Before the world’s focus shifts to Liverpool for Eurovision 2023, Sound City presented an alternative eclectic music showcase in the city. Access attended the 17th edition of the new-look festival and conference.

As soon as you step off the train at Liverpool Lime Street you are met with yellow and blue Eurovision signage. There is no escaping the biggest live music event the city has hosted in years. But less than two weeks before thousands of people from across the continent visit the M&S Bank Arena, Liverpool held another international music gathering – this one involving many of the city’s more intimate venues.

Sound City has previously helped elevate many artists on the way to becoming household names, including The 1975, Stormzy, Ed Sheeran and Florence and the Machine. This year the event had more than 100 artists on the lineup – from local favourites such as singer-songwriter Michael Aldag and four-piece Keyside – to Australian rapper Allday and showcase performances hosted by Canadian festival M for Montreal.

This year’s Sound City conference, staged in partnership with the Association of Independent Music (AIM), focused on showcasing the North’s creative industry to an audience of international industry delegates.

“The reason we started Sound City was because we wanted people to feel they could live and have a career in Liverpool, Manchester or any other northern city. This year we really wanted to pay attention to that,” says Sound City MD Becky Ayres.

While the main weekend festival programme is usually a multi-venue event, the action this year was limited to Liverpool University’s Mountford Hall (cap. 2,300) and Stanley Theatre (400). That followed the conference and newly-launched New Music Friday shows which took place at around 10 small venues all within a stone’s throw of each other, including Zanzibar (300), Jimmy’s (250) and Phase One at Jacaranda Record Store (300).“Small independent venues have such a difficult job and what they do is incredible,” says Ayres. “Sound City brings in a different audience to these venues. The people that run them here are so resilient, creative and entrepreneurial. It’s tough because of rising costs but there are some really good initiatives like the Music Venues Trust.”

Among the Sound City attendees was Francine Gorman, project manager UK at Keychange – an initiative that encourages music festivals to pledge a 50:50 gender balance on their lineups. The organisation had three artists from its 280-strong roster on the Sound City lineup: Canadian singer and baritone ukelele player Desiree Dawson; Polish post-punk band Izzy and the Black Trees; and Swedish pop singer FELIN.Gorman says, “The pledge was set up in 2017 to create more opportunities for women throughout the music industry and to encourage the global industry to start taking action. We still see that women and gender-expansive artists are underrepresented in every single sector of the music industry.”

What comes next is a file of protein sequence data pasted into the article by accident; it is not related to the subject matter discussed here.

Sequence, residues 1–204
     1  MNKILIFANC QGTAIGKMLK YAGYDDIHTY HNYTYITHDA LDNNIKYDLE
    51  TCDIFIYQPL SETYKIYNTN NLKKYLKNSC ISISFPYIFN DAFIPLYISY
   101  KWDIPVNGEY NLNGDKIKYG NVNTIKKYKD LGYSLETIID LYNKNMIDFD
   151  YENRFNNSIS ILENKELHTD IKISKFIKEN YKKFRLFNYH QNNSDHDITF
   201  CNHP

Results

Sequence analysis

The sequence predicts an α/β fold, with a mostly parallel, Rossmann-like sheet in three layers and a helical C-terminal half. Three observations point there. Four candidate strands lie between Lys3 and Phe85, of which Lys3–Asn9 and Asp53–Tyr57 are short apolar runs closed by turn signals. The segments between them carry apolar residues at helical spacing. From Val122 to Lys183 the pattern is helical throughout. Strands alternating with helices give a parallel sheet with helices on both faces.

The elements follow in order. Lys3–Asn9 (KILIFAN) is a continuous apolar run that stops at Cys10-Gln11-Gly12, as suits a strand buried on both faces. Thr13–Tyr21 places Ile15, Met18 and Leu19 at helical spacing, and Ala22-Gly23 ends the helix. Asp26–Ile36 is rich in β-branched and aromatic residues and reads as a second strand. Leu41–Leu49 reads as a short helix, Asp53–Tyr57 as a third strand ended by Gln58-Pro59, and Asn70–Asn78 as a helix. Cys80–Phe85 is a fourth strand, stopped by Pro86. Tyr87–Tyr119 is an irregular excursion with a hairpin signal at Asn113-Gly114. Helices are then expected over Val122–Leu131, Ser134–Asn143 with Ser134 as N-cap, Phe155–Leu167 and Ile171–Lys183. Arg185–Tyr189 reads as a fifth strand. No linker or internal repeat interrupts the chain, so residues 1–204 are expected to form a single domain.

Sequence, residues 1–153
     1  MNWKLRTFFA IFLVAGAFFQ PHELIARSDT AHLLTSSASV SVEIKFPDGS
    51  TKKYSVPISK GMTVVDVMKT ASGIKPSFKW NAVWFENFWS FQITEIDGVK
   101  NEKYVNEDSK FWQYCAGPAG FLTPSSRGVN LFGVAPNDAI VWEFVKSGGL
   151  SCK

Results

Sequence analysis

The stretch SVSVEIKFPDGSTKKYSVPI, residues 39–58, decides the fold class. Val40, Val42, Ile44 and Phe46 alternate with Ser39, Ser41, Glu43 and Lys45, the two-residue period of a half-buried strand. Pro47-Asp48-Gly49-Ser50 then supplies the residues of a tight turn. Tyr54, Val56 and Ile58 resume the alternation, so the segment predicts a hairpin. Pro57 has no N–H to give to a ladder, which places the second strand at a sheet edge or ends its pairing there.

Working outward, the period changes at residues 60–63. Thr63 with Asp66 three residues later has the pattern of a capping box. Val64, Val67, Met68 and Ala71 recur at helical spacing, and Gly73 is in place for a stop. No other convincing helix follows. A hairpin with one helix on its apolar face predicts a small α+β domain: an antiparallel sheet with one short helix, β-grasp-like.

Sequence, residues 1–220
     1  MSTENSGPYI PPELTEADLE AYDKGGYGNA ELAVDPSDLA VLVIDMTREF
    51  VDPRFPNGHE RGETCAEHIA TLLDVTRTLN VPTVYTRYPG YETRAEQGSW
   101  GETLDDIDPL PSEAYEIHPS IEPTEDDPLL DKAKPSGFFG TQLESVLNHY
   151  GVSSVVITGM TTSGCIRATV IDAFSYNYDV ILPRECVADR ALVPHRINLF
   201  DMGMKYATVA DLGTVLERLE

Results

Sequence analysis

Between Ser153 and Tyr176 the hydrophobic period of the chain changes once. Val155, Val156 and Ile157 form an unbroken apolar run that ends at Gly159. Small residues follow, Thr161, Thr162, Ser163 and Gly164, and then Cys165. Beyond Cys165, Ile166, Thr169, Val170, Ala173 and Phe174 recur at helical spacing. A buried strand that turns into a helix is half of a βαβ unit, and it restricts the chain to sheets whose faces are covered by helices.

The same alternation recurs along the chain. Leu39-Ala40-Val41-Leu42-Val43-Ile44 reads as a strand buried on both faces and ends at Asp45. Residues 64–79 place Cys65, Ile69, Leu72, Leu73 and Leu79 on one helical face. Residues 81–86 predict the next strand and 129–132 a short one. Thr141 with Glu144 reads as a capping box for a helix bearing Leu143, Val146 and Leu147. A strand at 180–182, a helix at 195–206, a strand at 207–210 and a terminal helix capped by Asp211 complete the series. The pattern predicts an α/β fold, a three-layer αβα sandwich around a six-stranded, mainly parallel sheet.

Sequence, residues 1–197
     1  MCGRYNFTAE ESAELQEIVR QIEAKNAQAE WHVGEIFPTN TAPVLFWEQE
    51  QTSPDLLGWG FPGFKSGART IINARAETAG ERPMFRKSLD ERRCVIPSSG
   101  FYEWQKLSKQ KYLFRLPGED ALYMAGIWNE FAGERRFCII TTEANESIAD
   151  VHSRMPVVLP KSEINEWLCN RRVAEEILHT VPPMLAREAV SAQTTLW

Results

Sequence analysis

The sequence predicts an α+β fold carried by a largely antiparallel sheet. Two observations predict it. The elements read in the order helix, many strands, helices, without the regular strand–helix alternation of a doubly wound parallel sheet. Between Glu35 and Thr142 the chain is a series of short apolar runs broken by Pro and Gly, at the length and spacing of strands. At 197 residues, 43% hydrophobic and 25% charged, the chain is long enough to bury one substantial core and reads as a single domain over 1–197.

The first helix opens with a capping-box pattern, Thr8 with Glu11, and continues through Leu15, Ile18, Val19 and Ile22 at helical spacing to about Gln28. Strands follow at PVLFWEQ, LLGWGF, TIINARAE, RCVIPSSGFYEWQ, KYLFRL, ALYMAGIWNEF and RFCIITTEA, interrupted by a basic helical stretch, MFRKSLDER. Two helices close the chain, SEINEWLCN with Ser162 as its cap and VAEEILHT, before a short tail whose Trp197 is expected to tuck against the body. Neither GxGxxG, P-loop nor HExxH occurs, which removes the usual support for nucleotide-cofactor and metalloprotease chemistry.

Also in attendance were DJ Paulette; LIVE CEO Jon Collins; AIM entrepreneurship and outreach manager Ben Wynter; and Bangkok Music City and ASEAN Music Showcase Festival co-founder Piyapong Muenprasertdee.

The first edition of Sound City’s two-year partnership with Virgin Music saw a conversation between its UK president Vanessa Bosåen and artist VV Brown, along with a morning of interactive talks with the Virgin Music team at Liverpool Arts Bar, including Music Venue Trust chair Bonita McKinney.

One of the hidden gems on New Music Friday came from arguably the biggest name on the Sound City lineup; MOBO-award-winning rapper Lady Leshurr, who performed a secret gig at Phase One, following her daytime in-conversation at LEAF (250). “These kinds of shows are my favourite, they feel so intimate,” she says to an appreciative crowd of around 20 people.

The attendees were informed of the last-minute show via DAM Good Media-owned Gigseekr, Sound City’s discovery platform partner. Its sister company Amplead, a digital toolkit for live event promoters, had a stand at the event and sponsored the Apply To Play stage at The Highball Club (90).

DAM Good Media chief relations officer Gavin Barnard says, “The issue with festivals like this is there are lots of different venues. It can be hard to make sure that data is out there for people, that’s why the Gigseekr partnership works well here. We have been discussing introducing a traffic light system for the Sound City venues in the future.”New Music Friday finished with an electric late-night show by Liverpool band Monks, before headliners The Reytons, Olivia Dean and Maisie Peters took over Mountford Hall on Saturday and Sunday. Peters will also headline fellow music showcase festival The Great Escape, which takes place from 10-13 May in Brighton.

Looking ahead to Eurovision, Ayres says, “It’s such a massive event that is loved by so many people. It’s something that people that don’t even like music can get into. The key thing is what happens after Eurovision, you want that lasting legacy for the rest of the city.”

Photography by Sam McMahon